The Daily Parker

Politics, Weather, Photography, and the Dog

Not a surprising coincidence

A local Vietnamese restaurant—only a few blocks from me, in fact—had to pay $700,000 in back wages to its workers after a Department of Labor investigation that ended in October:

Tank Noodle has been forced to pay nearly $700,000 in back wages after making some of its employees work only for tips, according to the U.S. Deptartment of Labor.

The popular Vietnamese restaurant at 4953 N. Broadway withheld wages and used illegal employment practices for 60 of its employees, a labor department investigation found. Some employees were owed more than $10,000 by the restaurant.

The investigation found some servers at the restaurant worked only for tips, a violation of federal work laws. Tank Noddle also shorted servers when the business pooled tips and divided the money among all staff, including management, another federal work violation.

Tank Noodle violated overtime laws and sometimes paid staff flat fees for a day’s work regardless of the number of hours worked, according to the labor department.

There's the setup. Now the punchline:

[Tank Noodle's] owners attended a Jan. 6 rally in support of former President Donald Trump that ended in the storming of the U.S. Capitol.

The Ly family, which owns Tank Noodle, posted photos from the rally, which were widely circulated on social media.

Too bad for the Ly family that the neighborhood has about two dozen other places with better phở.

Evening news

Just a few stories:

Finally, it only took 375 years and satellite imagery, but geologists have demonstrated that New Zealand is on its own continent.

Last weekday of the winter

I get to turn off and put away my work laptop in a little bit in preparation for heading back to the office on Monday morning. I can scarcely wait. 

Meanwhile, I've got a few things to read:

OK, one more work task this month, then...I've got some other stuff to do.

New York, 10 years ago

Shortly after upgrading from my old Canon 20D to a new Canon 7D, I flew to New York for business. My company let me fly in on Saturday instead of Sunday as the lower airfare offset the extra hotel day, enabling me to spend Saturday afternoon and evening getting to know the new camera. You can see some of the results here. This morning, I revised the treatment of one of the photos I posted that evening:


1/30 s, f/3.5, ISO 6400, 18mm

I think the Mark II could do even better. Whenever I'm able to travel to New York again, I'll re-shoot the scene.

I got this 10 years ago already?

Facebook reminded me this morning that 10 years ago today I got the first digital camera I've ever owned whose photo quality approached that of the film cameras I had growing up. My new Canon 7D replaced my 5-year-old Canon 20D, and between the two I took over 32,700 photos in just over nine years. In May 2015 I upgraded to the Canon 7D mark II, the first digital camera I've owned whose capabilities exceeded my 1980s and 1990s film cameras.

I've updated the chart showing all the photo-capable devices I've owned since I got my first SLR in June 1983, along with other data showing, to some extent, how technology marches on:

Here are four example photos. (To see all the details, right-click the photos and open them in separate windows.) First, one of the earliest photos I took with my AE-1 Program, in Raton Pass, N.M., mid-August 1983:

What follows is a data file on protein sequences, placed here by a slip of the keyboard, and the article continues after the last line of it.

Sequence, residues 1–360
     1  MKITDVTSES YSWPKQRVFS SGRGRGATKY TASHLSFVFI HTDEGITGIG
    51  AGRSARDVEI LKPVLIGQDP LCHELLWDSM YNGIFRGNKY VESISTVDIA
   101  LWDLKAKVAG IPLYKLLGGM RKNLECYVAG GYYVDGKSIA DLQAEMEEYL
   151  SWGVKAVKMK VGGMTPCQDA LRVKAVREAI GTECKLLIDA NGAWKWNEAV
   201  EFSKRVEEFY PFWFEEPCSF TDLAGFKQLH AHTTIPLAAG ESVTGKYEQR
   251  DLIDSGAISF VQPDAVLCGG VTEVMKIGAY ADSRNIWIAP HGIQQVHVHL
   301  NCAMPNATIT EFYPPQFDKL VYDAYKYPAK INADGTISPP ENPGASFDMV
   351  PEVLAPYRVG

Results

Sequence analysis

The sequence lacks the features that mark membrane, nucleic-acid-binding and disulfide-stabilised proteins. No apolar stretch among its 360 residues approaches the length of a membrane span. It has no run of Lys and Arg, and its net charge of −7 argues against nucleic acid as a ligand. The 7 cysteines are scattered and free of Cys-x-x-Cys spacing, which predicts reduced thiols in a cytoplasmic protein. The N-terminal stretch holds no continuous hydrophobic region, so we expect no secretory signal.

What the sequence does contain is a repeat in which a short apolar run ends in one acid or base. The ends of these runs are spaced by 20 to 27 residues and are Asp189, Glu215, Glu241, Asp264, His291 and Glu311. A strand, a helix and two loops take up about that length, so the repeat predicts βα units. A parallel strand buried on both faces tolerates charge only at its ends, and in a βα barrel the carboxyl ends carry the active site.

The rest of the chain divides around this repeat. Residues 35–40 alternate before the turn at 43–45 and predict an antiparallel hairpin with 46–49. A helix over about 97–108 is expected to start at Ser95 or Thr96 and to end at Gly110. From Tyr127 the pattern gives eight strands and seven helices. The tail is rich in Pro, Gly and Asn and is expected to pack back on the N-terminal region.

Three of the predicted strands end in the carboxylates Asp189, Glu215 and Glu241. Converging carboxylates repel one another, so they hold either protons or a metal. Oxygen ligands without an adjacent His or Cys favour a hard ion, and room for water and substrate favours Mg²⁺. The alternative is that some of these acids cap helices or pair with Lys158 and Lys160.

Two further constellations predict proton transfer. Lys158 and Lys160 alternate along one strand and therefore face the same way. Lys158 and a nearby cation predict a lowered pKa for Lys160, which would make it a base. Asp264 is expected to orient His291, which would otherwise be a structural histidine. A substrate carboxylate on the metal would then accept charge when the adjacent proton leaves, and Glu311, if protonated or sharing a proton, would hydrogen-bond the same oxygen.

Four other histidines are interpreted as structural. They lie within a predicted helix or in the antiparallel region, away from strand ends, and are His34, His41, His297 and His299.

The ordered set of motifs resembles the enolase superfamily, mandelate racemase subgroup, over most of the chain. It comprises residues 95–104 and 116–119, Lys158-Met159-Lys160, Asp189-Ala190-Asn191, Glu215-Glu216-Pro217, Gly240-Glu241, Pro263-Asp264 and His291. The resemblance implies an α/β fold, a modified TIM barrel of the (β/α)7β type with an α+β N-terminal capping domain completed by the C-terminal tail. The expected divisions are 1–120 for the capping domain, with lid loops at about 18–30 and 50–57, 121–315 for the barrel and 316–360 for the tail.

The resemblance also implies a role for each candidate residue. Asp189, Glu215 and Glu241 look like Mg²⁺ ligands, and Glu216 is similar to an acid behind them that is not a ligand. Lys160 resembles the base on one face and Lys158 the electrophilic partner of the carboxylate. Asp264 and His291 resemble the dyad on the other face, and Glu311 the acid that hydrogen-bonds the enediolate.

Keep in mind, this is a Kodachrome 64 photo scanned some 38 years later, with a bit of help from Adobe Lightroom. Printing directly from the slide would make a better-looking photo...maybe. In any event, the resolution of the slide exceeds the resolution of the scan by an order of magnitude at least, so there really is no way without specialized equipment to produce a JPEG image that looks as good as the slide itself.

Jump ahead a few decades. Here's an early photo I took with the 20D on 20 May 2006 in Portsmouth, N.H.:

The original photo and this edit have the same resolution (2544 x 1696) and the same format (JPEG). Other than a few minor burns and dodges, this is what the camera recorded. It almost approaches film quality, but had I shot this image with Kodachrome 64, it would have much more vibrant color and a depth of texture that the 20D just couldn't achieve.

Now from the 7D that I got 10 years ago today, near Saganonomiyacho, in Kyoto, Japan, in November 2011:

With the first 7D, I gave it a 32 GB memory card and switched to the lossless CR2 format. The JPEG above has as much depth and range as a JPEG can have, but the CR2 file it came from finally has as much detail and photographic information as consumer-quality negative film from the 1980s or 1990s. Its 5184 x 3456 resolution comes awfully close to the density of, say, 100-speed Kodacolor VR-G from the mid-1980s, but the 7D's CMOS chip has literally 32 times the sensitivity of the fastest consumer film then available (ISO 12,800 vs. ISO 1600). I shot the photo above with a focal length of 250 mm from a bridge 250 meters from the subject, at ISO 1600, 1/500 second at f/5.6. The same shot on Kodacolor VR-G 1600 would have massive grain, and the same shot on Kodachrome 64 would have required an exposure of 1/15 second—guaranteeing camera shake. (I've re-edited this photo slightly from the quick-and-dirty treatment I gave it in my Tokyo hotel room after getting back from Kyoto.)

Finally, take a look at this photo from my current camera, the 7D Mark II, of the Chiesa de San Giorgio Maggiore, Venice:

I mean...wow. Even cropped slightly from the raw photo's 5472 x 3648 resolution, the detail is just as fine as Kodachrome 64 ever gave me. I shot this at 1/1000 sec., f/5.6, at 105 mm using a borrowed EF24-105 f/4L lens. (I posted a similar shot in June 2015 when I got back from the trip. I think this one has better composition and editing.)

One more thing, which I won't illustrate with a comparison photo but which I do think bears mentioning: these days, I only pull out the 7Dii for serious work. For day-to-day photos and snapshots, my smartphone's camera works better than digital SLRs from 15 years ago. We do live in the future.

Ice fishing, orcas, and budget reconciliation

These are just some of the things I read at lunch today:

  • Ezra Klein looks at how a $1.9 trillion proposal got through the US Senate and concludes the body has become "a Dadaist nightmare."